Thus the symmetry relationship of the infinite chains in the HT and LT phases is of the translationengleiche type: The translation symmetry remains whereas the point groups of the rods are in a group/subgroup relationship of index 2 (i.e. every second point operation is lost on cooling).

The topology of a hydrogen-bonding network is conveniently represented by a graph (in the mathematical sense), where vertices represent ions or molecules and edges hydrogen bonds. In H3PO2, only inter-molecular hydrogen bonds exist and there is only one bond between two molecules. Therefore, the hydrogen-bonding graph is simple, which means that there are no loops (a vertex connected to itself) and at most one edge connecting two vertices.

Hydrogen bonds are directed (from donor to acceptor), and can be represented by directed edges, which results in a directed graph or, for short, digraph. The hydrogen-bonding topology of the LT phase of H3PO2 is thus represented by the double-infinite digraph

(1)⋯→P→P→P→⋯

where P stands for a H3PO2 molecule.

If the hydrogen bond is disordered in a 1:Một manner, as in the HT phase of H3PO2, it may be represented as a non-directed edge, resulting in the undirected graph

(2)⋯—P—P—P—⋯

This particular graph is the double-infinite linear graph.

Thus, from a topological point of view, the symmetry increase from the LT to the HT phase corresponds to the mapping of a digraph onto the corresponding undirected graph. In mathematics, such a mapping is said to ‘lose’ algebraic structure, namely the direction of the edges.

Each edge is marked with a label, which is called the voltage, which indicates the translational component needed to move the molecule into the unit cell when crossing unit-cell boundaries. In the graph above, the 1‾00 label thus means that the molecule in the unit cell is connected via a hydrogen bond to a molecule outside the unit cell. This molecule is translated back into the unit cell by a translation of −a. In analogy to the infinite graphs, the symmetry increase is again characterized by a loss of algebraic structure, viz. the directionality of the edges.

3.5 Space group symmetry

Our experiments confirm the P2121Hai space group symmetry of the HT phase described by 4. The chains of hydrogen-bonded H3PO2 molecules are arranged in a checkerboard pattern as shown in Figure 7(a). The chains alternately appear in two orientations with respect to [001], which is the direction of the twofold axes.

As has been mentioned above, on transition from LT to HT, directionality in the [100] direction is lost. In return, given a HT chain, the corresponding LT chain can adopt one out of two orientations with respect to the a-axis.

There is in principle an infinity of ways of distributing the two orientations, which can lead to either loss of translational symmetry, point group symmetry, or both with respect to the HT phase.

In the actual crystals, the orthorhombic 222 point group is retained and the translation symmetry is reduced. This corresponds to a klassengleiche symmetry reduction, i.e. the crystal class stays unchanged. In particular, the c cell parameter is doubled, because the chains related by a c translation in the HT phase possess opposite orientation of the hydrogen bonding in the LT phase [Figure 7(b)].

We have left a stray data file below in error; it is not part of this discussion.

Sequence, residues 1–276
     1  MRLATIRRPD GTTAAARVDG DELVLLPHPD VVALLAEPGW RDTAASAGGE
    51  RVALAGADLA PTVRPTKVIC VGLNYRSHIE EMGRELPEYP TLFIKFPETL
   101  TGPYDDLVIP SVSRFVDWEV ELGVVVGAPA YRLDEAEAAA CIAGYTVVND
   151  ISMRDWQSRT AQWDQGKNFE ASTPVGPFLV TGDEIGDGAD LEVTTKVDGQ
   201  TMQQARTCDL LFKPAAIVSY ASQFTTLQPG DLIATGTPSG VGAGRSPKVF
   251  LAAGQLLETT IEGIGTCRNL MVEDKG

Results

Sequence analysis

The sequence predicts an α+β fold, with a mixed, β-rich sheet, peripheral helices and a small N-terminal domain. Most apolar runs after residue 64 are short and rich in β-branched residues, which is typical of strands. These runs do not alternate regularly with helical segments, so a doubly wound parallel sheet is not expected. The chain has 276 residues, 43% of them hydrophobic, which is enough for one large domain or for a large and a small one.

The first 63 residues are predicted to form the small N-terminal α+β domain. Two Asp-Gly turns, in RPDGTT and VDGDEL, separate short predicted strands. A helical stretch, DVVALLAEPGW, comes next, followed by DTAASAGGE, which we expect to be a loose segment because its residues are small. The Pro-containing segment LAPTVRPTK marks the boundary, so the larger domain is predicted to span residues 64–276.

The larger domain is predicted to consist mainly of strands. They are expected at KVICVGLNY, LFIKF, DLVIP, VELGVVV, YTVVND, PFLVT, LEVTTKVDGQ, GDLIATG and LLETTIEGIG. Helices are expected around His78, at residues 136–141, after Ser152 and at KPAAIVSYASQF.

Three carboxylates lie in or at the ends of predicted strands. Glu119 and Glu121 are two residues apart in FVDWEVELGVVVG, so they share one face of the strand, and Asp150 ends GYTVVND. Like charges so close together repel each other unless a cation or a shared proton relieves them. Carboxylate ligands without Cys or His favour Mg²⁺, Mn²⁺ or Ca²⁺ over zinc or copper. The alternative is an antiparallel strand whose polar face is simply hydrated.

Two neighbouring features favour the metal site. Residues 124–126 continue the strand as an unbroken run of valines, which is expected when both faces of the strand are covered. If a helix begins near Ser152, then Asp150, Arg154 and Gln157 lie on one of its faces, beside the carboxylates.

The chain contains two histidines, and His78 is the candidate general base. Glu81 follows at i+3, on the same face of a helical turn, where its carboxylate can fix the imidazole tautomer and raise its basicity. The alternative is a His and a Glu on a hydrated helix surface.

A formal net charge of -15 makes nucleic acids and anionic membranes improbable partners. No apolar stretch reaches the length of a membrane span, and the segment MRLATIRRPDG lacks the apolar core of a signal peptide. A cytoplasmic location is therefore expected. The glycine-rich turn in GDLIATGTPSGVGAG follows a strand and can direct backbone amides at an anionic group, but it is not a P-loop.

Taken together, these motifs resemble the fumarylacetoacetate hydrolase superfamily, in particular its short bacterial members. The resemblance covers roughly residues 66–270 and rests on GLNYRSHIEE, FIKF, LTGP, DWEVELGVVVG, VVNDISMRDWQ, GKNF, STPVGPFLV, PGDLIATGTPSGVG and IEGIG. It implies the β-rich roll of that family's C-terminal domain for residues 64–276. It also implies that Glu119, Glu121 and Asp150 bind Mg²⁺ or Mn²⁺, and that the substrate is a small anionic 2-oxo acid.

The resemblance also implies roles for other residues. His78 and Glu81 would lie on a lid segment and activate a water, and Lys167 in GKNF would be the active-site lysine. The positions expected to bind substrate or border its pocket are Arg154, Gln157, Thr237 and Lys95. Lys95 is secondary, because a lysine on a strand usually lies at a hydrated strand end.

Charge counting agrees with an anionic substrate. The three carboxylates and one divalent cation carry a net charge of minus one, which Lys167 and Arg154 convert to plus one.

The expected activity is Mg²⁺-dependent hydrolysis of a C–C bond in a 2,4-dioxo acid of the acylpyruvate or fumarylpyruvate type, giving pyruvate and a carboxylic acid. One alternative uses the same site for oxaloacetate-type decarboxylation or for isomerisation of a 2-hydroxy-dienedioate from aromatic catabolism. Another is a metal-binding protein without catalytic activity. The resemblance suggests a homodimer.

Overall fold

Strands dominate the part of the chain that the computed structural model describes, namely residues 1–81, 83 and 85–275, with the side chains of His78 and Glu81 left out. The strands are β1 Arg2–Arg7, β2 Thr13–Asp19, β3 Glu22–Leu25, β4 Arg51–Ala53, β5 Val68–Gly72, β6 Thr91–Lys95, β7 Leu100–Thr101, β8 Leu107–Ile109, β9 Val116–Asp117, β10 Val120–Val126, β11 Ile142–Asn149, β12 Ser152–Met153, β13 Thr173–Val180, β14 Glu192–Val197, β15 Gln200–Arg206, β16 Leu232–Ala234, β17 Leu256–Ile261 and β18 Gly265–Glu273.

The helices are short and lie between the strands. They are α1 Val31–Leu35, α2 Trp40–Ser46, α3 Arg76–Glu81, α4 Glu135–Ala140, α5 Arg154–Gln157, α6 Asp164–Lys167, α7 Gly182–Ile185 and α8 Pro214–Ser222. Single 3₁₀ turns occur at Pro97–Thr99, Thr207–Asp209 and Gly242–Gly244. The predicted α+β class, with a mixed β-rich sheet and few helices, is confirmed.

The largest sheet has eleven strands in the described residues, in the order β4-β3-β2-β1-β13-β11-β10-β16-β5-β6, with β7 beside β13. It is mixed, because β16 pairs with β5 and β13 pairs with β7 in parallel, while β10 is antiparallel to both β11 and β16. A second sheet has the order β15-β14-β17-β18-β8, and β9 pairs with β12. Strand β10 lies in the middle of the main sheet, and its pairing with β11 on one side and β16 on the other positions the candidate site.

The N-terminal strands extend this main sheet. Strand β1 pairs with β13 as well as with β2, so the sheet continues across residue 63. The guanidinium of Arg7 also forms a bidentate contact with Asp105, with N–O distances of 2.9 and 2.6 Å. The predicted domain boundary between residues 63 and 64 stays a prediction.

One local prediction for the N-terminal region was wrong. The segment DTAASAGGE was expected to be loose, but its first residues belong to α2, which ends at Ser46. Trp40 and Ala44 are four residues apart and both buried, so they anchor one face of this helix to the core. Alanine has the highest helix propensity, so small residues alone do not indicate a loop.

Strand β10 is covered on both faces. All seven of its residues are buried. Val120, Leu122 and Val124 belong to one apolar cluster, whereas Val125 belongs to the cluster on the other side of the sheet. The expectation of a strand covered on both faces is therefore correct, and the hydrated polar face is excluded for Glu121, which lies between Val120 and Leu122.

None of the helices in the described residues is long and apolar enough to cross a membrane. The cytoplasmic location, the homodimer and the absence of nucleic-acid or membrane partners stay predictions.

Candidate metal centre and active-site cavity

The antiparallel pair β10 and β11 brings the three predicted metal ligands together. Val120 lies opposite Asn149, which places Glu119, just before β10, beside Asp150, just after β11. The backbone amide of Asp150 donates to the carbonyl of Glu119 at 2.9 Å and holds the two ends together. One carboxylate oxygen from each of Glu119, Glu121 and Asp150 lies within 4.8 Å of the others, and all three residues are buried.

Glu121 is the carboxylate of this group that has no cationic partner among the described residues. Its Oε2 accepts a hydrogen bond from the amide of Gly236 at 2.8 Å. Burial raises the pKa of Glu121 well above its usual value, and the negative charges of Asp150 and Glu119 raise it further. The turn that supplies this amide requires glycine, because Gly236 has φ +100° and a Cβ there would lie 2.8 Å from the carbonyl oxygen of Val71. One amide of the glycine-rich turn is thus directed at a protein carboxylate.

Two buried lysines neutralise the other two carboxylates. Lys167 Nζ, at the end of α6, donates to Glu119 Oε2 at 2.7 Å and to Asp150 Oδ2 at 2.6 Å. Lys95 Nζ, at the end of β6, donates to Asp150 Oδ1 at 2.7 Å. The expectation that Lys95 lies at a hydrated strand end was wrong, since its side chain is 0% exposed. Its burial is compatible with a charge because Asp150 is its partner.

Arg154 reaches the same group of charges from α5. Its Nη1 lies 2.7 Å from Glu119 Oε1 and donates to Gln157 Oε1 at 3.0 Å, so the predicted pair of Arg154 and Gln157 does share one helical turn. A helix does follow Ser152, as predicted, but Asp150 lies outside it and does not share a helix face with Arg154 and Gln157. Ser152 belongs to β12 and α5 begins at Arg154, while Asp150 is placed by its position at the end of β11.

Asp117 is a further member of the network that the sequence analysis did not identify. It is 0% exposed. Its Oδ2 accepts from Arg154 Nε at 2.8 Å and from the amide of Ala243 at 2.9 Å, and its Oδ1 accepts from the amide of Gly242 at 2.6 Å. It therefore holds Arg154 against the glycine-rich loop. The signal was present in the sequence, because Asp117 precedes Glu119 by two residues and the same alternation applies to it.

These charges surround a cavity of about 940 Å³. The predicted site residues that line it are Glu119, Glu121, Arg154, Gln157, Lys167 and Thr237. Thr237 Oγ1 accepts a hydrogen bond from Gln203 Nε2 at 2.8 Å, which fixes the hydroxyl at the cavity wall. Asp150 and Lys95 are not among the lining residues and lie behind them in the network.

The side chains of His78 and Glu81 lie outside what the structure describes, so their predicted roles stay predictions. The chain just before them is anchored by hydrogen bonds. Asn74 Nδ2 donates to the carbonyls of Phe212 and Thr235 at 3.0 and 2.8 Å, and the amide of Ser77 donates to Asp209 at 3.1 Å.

Note that whereas the point symmetry of the overall structure is retained on cooling (klassengleiche transition), the point symmetry of the individual H3PO2 chains is reduced while the translation lattice is retained (translationengleiche transition). However, the lost twofold rotation of the chains is retained as a 21 screw rotation of the overall crystal structure, resulting in an overall P212121 symmetry.

The ordering of the hydrogen bonding network in the LT phase is accompanied by a very subtle tilting of the H3PO2 molecules with respect to the HT phase owing to the loss of the twofold rotation (Figure 7). It can be quantified by the angle of the O–O segment of the H3PO2 molecule to the (001) plane. As expected, the deviation from the HT symmetry is more pronounced the lower the temperature [100 K: 3.11°; 150 K: 2.83°; 175 K: 2.54°; 200 K: 1.92°; ≥225 K: 0°]. The larger deviation from the HT symmetry causes higher-intensity superstructure reflections.

3.6 Twinning

Both H3PO2 phases are enantiomorphous. Their 222 point group is a merohedry, i.e. the symmetry is a subgroup of the mmm point symmetry of the lattice. This means that in principle the crystals could be twinned by merohedry, here by inversion. Unfortunately, the present data is not of sufficient quality to confirm or preclude such twinning. Even though the Flack parameter [18] refines to zero within the standard uncertainty, the latter is too large for any definite statement (ca. 0.2–0.3). This also means that the absolute structure could not be determined.

From a crystal-chemical point of view, such a twinning is unlikely. The hydrogen-bonded H3PO2 chains are enantiomorphous (Figure 6) and all chains in the crystal are of the same orientation (both phases crystallize in Sohnke space groups). Twinning by inversion would require a structural transition from one chain enantiomorph to the other.

Since the phase transition from HT to LT is of the klassengleiche type, i.e. the point symmetry is retained, there are no additional orientation states in the LT phase. Thus, the phase transition does not lead to twinning on cooling. On the other hand, due to loss of translation symmetry, there are two domain states of the LT phase, which are related by a c translation of the HT phase. An association of such domains is known as antiphase domains [19] and difficult to detect with routine diffraction methods. Notably, in the diffraction patterns of LT H3PO2 we did not observe broadening of reflections, which would be indicative of small domain sizes.

3.7 Evolution of lattice parameters

Figure 8 gives the evolution of the a, b and c cell parameters with temperature. There is no distinct point of discontinuity at the phase transition temperature. Whereas the b and c cell parameters increase with temperature, the a cell parameter is virtually constant.

Leave a Comment

Email của bạn sẽ không được hiển thị công khai. Các trường bắt buộc được đánh dấu *